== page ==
Our final day swept us away in a whirlwind tour of what seemed like every village in the Cotswolds. Our first stop was Burtron-on-the-Water. We walked along the canal and through the residential streets, where we stumbled upon my drug of choice: a locally-made ceramics shop! We then popped over to both Upper and Lower Slaughter and as we walked the public footpaths, we contemplated how such beautiful villages could have such gruesome names. Hilly Burford also made the itinerary and introduced me to my first ever bookstore-hat-shop-combination-platter, The Mad Hatter. I bought a copy of Sense and Sensibility, which I lost within ten minutes.

My very favorite stop of the trip was the Daylesford Farm Shop. Farm shops are universally delightful, but the Daylesford Farm Shop was particularly perfect – bright, airy, and crisp. The shop was filled with delicious local foods, gorgeously understated home goods, and fresh flowers. The store also had a workshop space for beekeeping and flower arranging courses. If I disappear for a while, you know where to find me.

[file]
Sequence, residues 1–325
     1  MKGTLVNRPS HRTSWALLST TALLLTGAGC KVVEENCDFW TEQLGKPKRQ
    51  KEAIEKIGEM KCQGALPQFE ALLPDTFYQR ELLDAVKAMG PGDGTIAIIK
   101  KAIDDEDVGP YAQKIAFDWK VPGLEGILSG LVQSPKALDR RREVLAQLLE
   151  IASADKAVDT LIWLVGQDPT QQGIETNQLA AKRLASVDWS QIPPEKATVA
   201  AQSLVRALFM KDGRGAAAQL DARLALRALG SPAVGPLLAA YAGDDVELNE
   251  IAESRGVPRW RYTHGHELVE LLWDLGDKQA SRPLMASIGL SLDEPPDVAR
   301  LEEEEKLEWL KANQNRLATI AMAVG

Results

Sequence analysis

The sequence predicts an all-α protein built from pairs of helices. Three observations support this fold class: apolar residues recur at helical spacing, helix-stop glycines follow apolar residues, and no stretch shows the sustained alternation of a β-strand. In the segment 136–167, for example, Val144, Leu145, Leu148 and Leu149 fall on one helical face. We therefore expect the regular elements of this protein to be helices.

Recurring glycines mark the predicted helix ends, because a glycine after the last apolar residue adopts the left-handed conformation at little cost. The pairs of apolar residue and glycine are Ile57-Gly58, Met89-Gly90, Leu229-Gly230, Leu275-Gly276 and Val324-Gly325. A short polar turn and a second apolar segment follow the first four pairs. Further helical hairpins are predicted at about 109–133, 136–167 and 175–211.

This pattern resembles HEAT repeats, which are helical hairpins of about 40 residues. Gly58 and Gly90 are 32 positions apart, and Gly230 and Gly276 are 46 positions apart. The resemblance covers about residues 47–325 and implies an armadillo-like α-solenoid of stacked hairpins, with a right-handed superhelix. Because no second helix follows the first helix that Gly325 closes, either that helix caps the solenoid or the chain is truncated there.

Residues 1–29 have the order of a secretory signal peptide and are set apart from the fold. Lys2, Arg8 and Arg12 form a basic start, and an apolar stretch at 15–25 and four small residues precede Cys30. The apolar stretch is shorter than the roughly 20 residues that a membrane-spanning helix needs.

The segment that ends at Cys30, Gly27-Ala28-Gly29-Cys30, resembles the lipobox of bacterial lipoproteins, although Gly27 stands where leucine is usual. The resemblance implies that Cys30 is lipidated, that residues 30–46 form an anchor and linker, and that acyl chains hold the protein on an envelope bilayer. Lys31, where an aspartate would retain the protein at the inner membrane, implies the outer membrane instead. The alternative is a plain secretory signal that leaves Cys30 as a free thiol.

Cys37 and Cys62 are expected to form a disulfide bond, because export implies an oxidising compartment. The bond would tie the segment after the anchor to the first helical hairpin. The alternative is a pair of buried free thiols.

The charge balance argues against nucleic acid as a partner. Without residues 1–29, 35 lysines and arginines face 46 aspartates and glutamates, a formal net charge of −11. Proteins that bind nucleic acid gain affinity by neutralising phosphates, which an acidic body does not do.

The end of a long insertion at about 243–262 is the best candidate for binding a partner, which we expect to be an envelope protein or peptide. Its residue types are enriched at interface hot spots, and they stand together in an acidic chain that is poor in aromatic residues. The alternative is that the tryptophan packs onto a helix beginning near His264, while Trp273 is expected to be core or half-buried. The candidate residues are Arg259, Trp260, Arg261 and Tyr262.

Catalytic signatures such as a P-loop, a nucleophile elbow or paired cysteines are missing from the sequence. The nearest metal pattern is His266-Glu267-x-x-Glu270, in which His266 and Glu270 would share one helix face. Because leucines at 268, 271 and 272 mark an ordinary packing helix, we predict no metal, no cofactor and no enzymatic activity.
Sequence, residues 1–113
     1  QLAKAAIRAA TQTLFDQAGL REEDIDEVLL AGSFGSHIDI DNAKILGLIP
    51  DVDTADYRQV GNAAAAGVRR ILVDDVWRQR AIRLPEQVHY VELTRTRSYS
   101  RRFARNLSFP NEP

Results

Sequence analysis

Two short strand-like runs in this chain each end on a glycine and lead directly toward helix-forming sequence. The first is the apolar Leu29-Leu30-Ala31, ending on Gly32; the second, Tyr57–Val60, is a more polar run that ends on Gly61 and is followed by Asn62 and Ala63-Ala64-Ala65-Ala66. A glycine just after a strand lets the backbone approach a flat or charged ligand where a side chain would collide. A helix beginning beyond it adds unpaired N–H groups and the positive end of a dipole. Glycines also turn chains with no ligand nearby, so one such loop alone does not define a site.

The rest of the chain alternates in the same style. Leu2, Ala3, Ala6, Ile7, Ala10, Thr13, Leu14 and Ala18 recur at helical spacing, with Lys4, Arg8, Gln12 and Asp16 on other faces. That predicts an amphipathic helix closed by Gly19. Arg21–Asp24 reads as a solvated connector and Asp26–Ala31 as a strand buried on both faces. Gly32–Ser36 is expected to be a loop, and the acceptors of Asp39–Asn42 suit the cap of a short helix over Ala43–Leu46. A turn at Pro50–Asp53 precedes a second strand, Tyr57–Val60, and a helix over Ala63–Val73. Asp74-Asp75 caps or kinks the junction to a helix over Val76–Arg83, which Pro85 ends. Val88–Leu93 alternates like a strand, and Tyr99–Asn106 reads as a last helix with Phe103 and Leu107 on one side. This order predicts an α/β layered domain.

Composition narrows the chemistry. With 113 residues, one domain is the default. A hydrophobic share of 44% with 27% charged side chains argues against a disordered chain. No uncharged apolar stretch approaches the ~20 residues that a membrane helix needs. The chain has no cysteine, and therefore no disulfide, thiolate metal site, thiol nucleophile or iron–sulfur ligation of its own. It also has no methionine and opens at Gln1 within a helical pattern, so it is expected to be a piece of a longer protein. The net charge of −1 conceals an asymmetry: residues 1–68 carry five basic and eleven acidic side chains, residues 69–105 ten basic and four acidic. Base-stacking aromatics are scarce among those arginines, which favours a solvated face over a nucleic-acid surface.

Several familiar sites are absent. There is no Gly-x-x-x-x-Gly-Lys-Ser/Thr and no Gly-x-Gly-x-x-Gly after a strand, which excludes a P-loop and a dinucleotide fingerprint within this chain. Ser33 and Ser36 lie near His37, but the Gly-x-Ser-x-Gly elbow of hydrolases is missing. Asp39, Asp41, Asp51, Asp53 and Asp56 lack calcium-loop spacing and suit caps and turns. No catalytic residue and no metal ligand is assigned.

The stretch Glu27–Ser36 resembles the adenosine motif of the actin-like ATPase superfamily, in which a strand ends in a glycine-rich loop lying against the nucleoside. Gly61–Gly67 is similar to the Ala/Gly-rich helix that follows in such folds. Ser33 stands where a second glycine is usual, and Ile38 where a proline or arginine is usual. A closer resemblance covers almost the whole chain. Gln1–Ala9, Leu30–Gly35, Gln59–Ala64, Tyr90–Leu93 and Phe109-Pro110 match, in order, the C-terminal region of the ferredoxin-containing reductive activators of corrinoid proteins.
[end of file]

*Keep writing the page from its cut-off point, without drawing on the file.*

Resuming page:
Stow-on-the-Wold is perhaps the Cotswolds' most well known market town, so it seemed like the best place to end our brief but sweet stay. A piece of Pimms cake at the Old Stocks Inn and a lunch of figs and burrata at England's oldest pub (in that order) rounded out our wonderful weekend away.

We made it halfway back to London and decided an hour in Oxford might help ease us back into city life. Now that I've found the cure for international flights, I need to find a cure for leaving the Cotswolds.

A Guide to Cornwall

Have you ever carried a backpack so long that you forgot how heavy it was until you took it off? That's what my trip to Cornwall felt like – taking off a really heavy backpack. Six hours of driving in Bank Holiday traffic took us across the little British Isle from Surrey to the coziest stone cottage in Mousehole, Cornwall – a place where proverbial backpacks come off. We turned in for the night and as I sank into the cottage's big white bed, I felt so deeply happy. A kind of happy conceived by early autumn air and sea breeze and oceanside villages and cottages with clawfoot bathtubs. I felt like a cloud – floaty and buoyant and pleased as punch to have the ocean nearby. My theory: one need not be in an ocean to float; one need only be near an ocean.

The adventure began in quaint, cobblestoned Truro where we intended to stop only to pop into an American friend's new deli. The town's friendly people and happy flags and endless alleys of shops quickly beguiled us and we threw out our afternoon plans for a few more hours in Truro. We ducked into chic boutiques, vintage stores, and more than a few coffee shops before grabbing an asparagus risotto at Swell. Truro was friendly and pleasantly bustling and spangled in rainbow banners.